The book was called The Hunt for Optimism.
It was published in 1931.
Or maybe 1932, I don’t remember and I don’t want to look it up.
Whenever it was published, it came out after Mayakovsky’s suicide, and I’m pretty sure that was in 1930.
Shklovsky writes in short little bursts. Most of his paragraphs are only one or two sentences long.
I could continue writing in this style—Shklovsky pastiche—but I’m not Michiko Kakutani and I have no desire to limn Mr. Shklovsky.
Now Shklovsky’s a good, all-around critic, and he was deeply engaged with Soviet cinema which, at the time, was some of the best in the world. It was the early Soviet filmmakers—Eisenstein, Dovzhenko, Vertov—who, along with the American D. W. Griffith, invented the grammar for all the films that would come after them (in linguistic terms, they set up the “deep structure” of cinema, upon which all subsequent cinema is based). Shklovsky was born in 1893, and there probably would have been very little film in his childhood. The world would have been filtered primarily through literature and static pictorial art. Imagine the shift in perspective that must have come about through the re-ordering of reality by the great filmmakers of the 1920’s. Thanks to Eisenstein et al., reality could be chopped up and montaged.
By 1930 or so, cinema had become a key mediator of reality for Viktor Shklovsky and many of his contemporaries. He recounts an interesting episode in The Hunt for Optimism; he finds himself in Georgia, gazing at a landscape that Lermontov and Tolstoy would undoubtedly have found quite beautiful when they and the Russian army rampaged through the Caucasus back in the day. But for Shklovsky, the beauty of the scene is sullied, because he knows that, were it to be filmed, “it wouldn’t come out.” This is one of the fundamental conditions of modernity. A scene is only as beautiful as it looks when you record it through technological means. Think of the people who go to a rock concert and spend the whole show trying to film the damn thing on their smart-phones (and it always looks like shit). Or think of any tourist spectacle; you go to the Taj Mahal and, rather than looking at it, you take a picture of it. Or the Eiffel Tower, or Alhambra, or what have you. And this was already the case in Shklovsky’s time. First photos, then cinema. And it’s especially remarkable when you consider that in 1930, we had only had good, technically masterful cinema for about fifteen years (I don’t want to denigrate the Lumiéres or Meliés, but the only technical accomplishment in most of their films is that fact that the film exists at all; filming something was a technical feat in its own right).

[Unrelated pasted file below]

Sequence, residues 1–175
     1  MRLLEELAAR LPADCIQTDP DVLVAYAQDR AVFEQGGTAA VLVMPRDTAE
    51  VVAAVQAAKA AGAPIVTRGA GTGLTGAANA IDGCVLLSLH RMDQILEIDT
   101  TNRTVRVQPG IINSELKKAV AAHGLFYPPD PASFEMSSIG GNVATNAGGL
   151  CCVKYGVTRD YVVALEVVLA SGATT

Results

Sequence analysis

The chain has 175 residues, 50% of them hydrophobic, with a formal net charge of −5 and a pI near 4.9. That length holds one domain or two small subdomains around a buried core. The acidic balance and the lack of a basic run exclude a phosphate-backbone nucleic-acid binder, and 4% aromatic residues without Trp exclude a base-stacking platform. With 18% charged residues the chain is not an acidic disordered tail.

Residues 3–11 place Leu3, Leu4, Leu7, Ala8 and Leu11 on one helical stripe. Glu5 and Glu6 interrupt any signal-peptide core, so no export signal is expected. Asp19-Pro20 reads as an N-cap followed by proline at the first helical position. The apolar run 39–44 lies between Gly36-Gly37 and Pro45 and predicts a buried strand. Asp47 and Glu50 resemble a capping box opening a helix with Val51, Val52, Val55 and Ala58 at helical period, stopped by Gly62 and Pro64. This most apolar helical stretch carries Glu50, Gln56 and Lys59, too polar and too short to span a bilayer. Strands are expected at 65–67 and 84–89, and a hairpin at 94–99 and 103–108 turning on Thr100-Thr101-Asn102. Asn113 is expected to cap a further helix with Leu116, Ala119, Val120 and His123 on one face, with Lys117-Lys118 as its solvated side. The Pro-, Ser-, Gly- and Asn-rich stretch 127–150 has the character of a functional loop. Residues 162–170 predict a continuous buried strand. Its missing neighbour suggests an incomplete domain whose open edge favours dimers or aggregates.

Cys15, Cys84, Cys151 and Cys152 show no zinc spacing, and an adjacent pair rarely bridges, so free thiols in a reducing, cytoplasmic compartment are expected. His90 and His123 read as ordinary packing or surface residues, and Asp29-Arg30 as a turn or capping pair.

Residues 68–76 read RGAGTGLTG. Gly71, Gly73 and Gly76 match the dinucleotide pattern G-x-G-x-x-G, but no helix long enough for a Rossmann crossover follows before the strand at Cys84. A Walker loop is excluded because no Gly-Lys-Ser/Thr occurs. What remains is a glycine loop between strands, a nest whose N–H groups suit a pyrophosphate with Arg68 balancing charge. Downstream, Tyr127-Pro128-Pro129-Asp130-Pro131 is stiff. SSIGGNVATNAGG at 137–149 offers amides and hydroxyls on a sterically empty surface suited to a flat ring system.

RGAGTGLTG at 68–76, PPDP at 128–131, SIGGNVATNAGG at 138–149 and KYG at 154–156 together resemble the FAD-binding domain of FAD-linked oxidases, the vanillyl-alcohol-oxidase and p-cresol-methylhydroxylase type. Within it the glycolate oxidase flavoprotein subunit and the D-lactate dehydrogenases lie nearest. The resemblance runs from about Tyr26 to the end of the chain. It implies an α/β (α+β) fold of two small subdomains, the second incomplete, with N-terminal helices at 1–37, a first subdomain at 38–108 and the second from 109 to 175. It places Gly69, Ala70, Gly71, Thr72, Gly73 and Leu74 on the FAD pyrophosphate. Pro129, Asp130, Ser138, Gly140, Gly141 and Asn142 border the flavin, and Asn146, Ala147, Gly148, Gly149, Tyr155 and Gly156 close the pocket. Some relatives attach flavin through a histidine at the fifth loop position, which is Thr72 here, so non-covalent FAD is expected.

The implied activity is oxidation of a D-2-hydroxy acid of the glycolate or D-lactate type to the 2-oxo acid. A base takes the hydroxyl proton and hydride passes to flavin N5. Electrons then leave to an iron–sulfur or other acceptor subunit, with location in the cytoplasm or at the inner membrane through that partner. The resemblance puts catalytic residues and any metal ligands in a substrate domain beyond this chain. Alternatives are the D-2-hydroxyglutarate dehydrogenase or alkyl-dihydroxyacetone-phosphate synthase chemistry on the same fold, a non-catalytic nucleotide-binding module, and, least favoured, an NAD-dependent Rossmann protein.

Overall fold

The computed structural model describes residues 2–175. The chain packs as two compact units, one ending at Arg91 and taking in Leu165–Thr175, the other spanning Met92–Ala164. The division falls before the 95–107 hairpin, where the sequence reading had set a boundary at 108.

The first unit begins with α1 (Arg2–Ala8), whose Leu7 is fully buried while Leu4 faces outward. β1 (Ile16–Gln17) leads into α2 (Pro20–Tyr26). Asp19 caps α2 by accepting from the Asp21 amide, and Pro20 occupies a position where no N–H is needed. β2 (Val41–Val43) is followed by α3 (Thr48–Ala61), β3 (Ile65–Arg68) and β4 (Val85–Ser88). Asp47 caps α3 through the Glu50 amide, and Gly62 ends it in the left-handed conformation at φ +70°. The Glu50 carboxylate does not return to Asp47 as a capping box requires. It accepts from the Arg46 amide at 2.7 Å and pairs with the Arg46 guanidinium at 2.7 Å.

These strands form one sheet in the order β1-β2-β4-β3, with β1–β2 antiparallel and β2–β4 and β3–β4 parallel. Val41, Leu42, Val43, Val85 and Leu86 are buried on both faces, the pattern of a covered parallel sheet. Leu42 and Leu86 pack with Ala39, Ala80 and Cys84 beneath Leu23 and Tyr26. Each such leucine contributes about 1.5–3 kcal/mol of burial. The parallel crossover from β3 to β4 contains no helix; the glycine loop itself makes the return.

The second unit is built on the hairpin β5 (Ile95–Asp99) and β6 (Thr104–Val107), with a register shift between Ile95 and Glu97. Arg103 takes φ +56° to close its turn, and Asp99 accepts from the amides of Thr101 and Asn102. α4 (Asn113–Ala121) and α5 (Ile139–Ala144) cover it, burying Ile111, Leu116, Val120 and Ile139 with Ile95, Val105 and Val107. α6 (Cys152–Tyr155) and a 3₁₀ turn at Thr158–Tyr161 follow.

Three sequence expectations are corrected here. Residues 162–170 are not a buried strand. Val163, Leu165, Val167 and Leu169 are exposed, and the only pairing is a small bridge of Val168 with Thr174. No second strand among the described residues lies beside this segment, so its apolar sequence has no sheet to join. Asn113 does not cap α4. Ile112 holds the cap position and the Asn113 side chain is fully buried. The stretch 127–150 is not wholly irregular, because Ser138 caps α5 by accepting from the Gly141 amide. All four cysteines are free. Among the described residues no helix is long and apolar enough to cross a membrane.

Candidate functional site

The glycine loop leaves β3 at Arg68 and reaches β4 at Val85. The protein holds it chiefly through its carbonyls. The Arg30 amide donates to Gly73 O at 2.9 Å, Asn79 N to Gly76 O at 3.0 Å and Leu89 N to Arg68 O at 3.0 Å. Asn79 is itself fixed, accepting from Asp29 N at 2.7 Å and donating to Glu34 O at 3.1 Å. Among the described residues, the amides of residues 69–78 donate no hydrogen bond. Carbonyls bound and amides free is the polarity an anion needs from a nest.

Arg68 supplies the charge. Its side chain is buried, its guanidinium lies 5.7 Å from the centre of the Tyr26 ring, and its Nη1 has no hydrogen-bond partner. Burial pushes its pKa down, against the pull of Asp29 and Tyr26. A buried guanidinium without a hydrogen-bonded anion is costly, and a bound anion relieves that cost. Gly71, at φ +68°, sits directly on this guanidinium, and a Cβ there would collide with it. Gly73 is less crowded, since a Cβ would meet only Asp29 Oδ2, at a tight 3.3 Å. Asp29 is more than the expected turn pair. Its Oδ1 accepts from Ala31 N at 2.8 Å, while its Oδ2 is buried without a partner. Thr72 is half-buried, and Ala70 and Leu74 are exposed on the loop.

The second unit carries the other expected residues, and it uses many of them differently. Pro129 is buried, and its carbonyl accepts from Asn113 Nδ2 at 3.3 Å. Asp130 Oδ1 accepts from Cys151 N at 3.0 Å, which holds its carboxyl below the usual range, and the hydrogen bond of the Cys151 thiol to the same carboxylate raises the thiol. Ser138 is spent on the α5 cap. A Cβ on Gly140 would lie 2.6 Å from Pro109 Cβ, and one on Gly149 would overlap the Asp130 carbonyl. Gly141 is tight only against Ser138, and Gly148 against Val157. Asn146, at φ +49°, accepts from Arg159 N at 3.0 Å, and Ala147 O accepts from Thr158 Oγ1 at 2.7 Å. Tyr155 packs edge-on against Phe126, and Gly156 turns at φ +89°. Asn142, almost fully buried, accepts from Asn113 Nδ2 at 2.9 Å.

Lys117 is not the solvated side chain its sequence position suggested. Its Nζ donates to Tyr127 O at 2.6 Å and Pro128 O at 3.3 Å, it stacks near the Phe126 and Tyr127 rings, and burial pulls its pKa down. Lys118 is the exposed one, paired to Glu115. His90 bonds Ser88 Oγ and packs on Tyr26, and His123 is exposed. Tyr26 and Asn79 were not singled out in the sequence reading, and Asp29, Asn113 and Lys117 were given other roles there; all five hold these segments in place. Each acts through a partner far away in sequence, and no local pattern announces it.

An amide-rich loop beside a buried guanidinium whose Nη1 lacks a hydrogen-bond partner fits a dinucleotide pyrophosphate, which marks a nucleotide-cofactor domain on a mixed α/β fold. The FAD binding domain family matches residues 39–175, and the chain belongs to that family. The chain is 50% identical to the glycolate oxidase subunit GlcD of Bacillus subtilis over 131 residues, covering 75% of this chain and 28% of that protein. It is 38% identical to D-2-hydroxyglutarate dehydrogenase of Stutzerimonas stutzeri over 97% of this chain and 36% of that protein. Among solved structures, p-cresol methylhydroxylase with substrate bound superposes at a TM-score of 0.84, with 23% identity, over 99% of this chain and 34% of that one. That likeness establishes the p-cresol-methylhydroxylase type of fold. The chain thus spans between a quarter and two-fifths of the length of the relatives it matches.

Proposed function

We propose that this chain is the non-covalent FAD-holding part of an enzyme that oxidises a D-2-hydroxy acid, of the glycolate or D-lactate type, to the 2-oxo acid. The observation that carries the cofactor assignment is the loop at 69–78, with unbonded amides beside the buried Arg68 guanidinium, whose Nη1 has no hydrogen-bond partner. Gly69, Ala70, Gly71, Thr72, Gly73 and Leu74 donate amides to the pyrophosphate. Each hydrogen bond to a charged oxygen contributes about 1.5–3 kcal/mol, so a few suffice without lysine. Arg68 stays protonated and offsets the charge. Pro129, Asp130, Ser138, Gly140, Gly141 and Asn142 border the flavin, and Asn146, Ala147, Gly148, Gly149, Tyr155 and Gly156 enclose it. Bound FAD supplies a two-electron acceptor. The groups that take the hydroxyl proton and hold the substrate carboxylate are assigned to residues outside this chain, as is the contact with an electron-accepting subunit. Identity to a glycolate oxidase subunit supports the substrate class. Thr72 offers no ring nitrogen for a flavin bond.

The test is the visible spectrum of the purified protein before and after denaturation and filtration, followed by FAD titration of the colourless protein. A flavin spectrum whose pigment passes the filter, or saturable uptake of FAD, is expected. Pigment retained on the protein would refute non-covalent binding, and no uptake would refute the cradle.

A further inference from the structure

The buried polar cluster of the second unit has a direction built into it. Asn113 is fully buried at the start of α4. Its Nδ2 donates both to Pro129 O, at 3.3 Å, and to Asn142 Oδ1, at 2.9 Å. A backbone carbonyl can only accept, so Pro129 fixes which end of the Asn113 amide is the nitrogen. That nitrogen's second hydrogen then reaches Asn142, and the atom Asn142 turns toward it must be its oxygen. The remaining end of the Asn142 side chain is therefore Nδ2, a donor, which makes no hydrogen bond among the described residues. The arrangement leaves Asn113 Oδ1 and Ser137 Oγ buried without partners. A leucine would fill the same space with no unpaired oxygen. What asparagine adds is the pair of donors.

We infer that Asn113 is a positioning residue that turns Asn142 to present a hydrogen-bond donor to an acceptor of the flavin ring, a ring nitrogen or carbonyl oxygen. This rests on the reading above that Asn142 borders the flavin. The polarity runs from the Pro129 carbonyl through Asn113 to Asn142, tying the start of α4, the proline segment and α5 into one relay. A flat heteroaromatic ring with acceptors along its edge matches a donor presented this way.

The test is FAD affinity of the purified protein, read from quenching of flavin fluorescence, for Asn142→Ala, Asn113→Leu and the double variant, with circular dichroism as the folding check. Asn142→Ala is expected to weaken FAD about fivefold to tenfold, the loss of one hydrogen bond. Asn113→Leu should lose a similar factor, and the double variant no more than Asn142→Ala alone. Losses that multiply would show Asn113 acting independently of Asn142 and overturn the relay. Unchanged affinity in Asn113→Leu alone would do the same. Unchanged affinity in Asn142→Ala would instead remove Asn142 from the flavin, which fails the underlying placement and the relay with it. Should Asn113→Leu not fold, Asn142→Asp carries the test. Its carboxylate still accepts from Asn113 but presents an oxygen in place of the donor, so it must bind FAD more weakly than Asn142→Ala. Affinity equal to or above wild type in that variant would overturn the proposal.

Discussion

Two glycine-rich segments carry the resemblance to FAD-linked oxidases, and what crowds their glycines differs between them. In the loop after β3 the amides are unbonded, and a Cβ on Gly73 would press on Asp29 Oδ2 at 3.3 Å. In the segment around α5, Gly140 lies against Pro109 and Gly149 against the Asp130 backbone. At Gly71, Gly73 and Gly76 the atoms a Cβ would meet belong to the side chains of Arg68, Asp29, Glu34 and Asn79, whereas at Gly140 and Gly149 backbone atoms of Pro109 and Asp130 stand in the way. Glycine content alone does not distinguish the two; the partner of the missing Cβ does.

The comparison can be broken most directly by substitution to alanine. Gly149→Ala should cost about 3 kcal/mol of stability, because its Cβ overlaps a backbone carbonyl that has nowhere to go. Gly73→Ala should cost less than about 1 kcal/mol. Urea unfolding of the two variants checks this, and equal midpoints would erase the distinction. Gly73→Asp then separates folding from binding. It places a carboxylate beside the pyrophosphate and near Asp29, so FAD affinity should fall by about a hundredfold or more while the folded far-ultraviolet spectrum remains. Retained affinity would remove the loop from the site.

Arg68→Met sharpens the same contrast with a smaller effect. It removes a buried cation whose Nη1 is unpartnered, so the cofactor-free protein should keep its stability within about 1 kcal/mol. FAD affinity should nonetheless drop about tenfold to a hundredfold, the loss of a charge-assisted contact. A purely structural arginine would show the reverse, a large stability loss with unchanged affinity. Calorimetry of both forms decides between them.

I also don’t want to denigrate cinema in general. Reality is generally a bitch, so if we can transform it through cinema, I don’t think there’s anything wrong with that. Speaking of Georgia, what do I know about Georgia? Only what I’ve seen of it in the films of Tengiz Abuladze and Sergei Parajanov. And they both knew how to make it “come out.” Or look at Julia Loktev’s Georgia-set The Loneliest Planet, which uses the most crisp and up-to-date filmic technology to record scenes of ravishing beauty. I can’t image there’s still anything in Georgia that doesn’t come out now. Who knows, perhaps these filmmakers have even filmed the landscape that Shklovsky declared to be “un-filmable” in 1930.